In a recent case study, we profiled Etsy and learned about how a high-performance data platform helps keep Etsy’s global community engaged. In that study, Etsy’s engineering team provided some key examples of how they monitor their database in order to ensure good system performance in development. In this post, we want to highlight a few of those specific uses.
Performance Testing in Development
Performance monitoring is key to good DevOps principles–to understand how to improve system performance, one must first understand how the system in performing. Engineering teams need performance analytics in order to do fact-based evaluations, improve code quality, and ensure system stability. By putting performance analytics in the hands of developers, Etsy grants them access to the information they need for problem-solving; with database monitoring in particular, Etsy’s engineering team can fix issues unilaterally, with confidence that they have access to a complete picture.
These are a few of the applications where Etsy found value in using a performance management solution.
- Database version upgrades. When Etsy upgraded their databases to a new version of MySQL, they used granular database monitoring to help them analyze changes in system performance. They were able to watch their systems performing on separate servers, each with a different version of MySQL, one for production and the other a copy. Using VividCortex, with side-by-side tabs, they could sort and compare metrics like average latency, errors, and total time. Looking at the differences between the servers, the analysis built strong confidence that the switch would afford a real improvement in speed. At the same time, it showed that there was no regression, no query errors. When it came time to push to production, Etsy was confident that all would go smoothly.
- Database schema changes. For schema migrations, Etsy uses performance analytics for real-time feedback. The team looks at historical performance metrics and trends to ensure that there are no resulting spikes in workload metrics or server faults. Engineers and DBAs drill into the data and share what they find by using permanent links into the VividCortex UI to quickly collaborate with a colleague on issue identification and resolution. A SaaS performance monitoring platform with deep linking and sharing capabilities gives a team confidence that when one person looks at a chart and sends it to a colleague, that colleague will see exactly the same thing.
- Hardware upgrades. When Etsy evaluated a hardware change—switching from traditional spinning-disk storage to SSDs—the DBAs used VividCortex to A/B test the change and analyze exactly what system performance would be like with the new hardware.
- Code changes. Etsy’s developers deploy code frequently—often dozens of times every day. One issue they consistently faced was MySQL’s internal measurements of replication latency made it difficult to understand the impact of a code change. In the past, when Etsy pushed a code change into production, the team couldn’t see the effects on replication delay until it was too late and the replicated data had fallen behind. The only way to get visibility into such complex system behavior is a monitoring product that is specifically designed with knowledge of the database’s intricate inner workings. Using VividCortex they can see immediately when replication lags, even though MySQL’s own measurements of delay show nothing.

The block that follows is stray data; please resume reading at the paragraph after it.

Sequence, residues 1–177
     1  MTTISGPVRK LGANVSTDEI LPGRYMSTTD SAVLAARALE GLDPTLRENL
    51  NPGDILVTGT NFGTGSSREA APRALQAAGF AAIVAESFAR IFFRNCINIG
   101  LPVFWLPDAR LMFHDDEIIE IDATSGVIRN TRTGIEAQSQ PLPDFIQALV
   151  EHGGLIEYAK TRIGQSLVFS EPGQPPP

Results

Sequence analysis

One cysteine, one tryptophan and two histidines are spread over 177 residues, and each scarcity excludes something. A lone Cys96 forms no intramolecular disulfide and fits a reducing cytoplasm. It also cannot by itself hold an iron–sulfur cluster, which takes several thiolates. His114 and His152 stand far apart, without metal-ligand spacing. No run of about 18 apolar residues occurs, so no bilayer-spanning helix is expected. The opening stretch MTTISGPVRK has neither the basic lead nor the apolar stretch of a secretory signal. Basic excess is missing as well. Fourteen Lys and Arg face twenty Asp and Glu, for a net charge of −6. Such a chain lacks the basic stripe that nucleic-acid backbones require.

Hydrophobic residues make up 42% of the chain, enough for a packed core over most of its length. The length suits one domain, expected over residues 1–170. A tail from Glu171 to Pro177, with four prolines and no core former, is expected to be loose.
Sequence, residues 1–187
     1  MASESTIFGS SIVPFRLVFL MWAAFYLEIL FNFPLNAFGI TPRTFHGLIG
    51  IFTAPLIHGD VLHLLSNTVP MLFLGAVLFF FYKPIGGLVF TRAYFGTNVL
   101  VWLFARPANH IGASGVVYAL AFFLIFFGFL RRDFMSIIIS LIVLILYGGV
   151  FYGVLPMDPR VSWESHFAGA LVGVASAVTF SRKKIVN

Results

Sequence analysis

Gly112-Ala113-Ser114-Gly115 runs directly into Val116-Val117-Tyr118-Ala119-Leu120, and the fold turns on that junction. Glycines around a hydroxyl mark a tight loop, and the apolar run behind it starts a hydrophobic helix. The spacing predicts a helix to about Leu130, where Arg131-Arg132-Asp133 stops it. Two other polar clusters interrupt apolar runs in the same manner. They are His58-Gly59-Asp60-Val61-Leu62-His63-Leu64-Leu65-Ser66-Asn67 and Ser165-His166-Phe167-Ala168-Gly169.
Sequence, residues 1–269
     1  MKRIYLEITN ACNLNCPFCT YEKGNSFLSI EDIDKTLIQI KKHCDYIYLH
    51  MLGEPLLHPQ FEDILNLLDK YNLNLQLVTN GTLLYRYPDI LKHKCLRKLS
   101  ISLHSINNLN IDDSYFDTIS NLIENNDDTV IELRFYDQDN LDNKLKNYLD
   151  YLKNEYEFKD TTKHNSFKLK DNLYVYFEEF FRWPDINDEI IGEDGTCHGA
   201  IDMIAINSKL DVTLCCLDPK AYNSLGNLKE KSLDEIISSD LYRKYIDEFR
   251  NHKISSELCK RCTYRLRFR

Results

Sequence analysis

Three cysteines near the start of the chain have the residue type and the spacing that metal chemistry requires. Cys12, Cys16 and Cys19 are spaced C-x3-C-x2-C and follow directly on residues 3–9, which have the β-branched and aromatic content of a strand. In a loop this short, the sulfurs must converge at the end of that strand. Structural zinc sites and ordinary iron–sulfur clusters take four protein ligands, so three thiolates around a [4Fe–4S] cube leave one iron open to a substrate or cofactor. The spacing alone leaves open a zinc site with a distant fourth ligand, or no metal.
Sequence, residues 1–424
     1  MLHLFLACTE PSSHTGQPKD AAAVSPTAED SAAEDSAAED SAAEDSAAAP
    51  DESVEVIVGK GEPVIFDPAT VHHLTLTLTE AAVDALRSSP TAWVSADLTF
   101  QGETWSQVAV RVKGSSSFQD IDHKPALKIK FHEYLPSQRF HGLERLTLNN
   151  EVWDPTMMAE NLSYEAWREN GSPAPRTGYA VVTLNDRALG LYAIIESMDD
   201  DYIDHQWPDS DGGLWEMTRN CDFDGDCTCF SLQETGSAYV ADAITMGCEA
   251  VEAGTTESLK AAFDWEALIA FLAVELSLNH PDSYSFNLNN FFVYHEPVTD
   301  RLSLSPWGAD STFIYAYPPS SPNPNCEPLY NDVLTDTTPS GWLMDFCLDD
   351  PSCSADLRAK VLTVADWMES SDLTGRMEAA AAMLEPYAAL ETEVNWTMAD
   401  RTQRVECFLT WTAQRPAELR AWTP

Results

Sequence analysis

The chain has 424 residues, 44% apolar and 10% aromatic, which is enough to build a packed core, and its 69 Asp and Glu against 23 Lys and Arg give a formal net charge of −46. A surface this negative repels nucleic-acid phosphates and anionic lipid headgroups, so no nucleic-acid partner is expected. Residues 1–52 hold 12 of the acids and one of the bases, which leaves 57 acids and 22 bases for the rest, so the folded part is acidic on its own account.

Code as Craft
A quick tip-of-our-hat to some of Etsy’s development methods. The name of Etsy’s technical blog is “Code as Craft,” a title that reflects how much craftsmanship and trade matter to the company, even beyond the artisan products their users sell. Etsy’s engineering team takes excellence-in-craft to heart, and, on the “Code as Craft” blog, managers, developers, and DBAs examine ideas and best practices that enable readers to hone their own skills, through specific technical advice and Etsy’s team’s own experiences.
Etsy CEO Chad Dickerson has remarked that, “our goal here is to constantly emphasize shipping, and get over any deployment fears.” For Etsy, the regular addition of new features means the team has to stay ahead of their users’. In order to move fast, they’ve adopted a testing process with a heavy emphasis on performance monitoring and analytics. They A/B test whenever they push new features or make any infrastructure upgrades. They do side-by-side comparisons on before and after system performance readouts. They leverage the metrics produced by deep performance monitoring as much as possible. Diligent performance management is core to Etsy’s operational model, and it results is fast, confident updates and quick fixes, whenever necessary.
Throughout Etsy’s engineering team, you see evidence of what Chad Dickerson calls a “radical decentralization of authority,” with performance data and analytics serving as a key enabler for decision making across the organization. System and business metrics like checkouts, listings, registrations, and sign-in rates are projected onto screens throughout the office, reinforcing this data-driven mindset.
Similarly, the engineering team examines database performance analytics closely, allowing them to uncover performance issues and make faster decisions regarding resolution. Armed with the right tools, they can ensure that their “craftsmanship” involves both execution and deep understanding.